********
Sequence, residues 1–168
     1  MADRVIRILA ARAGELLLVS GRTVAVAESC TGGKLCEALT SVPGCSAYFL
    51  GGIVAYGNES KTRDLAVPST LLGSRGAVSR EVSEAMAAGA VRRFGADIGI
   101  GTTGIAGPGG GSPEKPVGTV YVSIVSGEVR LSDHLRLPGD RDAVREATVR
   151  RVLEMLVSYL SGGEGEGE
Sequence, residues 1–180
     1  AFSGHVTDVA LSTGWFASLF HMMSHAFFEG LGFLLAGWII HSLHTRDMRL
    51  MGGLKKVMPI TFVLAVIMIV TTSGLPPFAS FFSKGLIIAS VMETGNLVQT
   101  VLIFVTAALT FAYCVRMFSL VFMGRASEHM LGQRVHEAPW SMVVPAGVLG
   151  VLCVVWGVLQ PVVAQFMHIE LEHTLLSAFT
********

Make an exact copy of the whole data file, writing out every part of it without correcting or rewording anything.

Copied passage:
Sequence, residues 1–168
     1  MADRVIRILA ARAGELLLVS GRTVAVAESC TGGKLCEALT SVPGCSAYFL
    51  GGIVAYGNES KTRDLAVPST LLGSRGAVSR EVSEAMAAGA VRRFGADIGI
   101  GTTGIAGPGG GSPEKPVGTV YVSIVSGEVR LSDHLRLPGD RDAVREATVR
   151  RVLEMLVSYL SGGEGEGE
Sequence, residues 1–180
     1  AFSGHVTDVA LSTGWFASLF HMMSHAFFEG LGFLLAGWII HSLHTRDMRL
    51  MGGLKKVMPI TFVLAVIMIV TTSGLPPFAS FFSKGLIIAS VMETGNLVQT
   101  VLIFVTAALT FAYCVRMFSL VFMGRASEHM LGQRVHEAPW SMVVPAGVLG
   151  VLCVVWGVLQ PVVAQFMHIE LEHTLLSAFT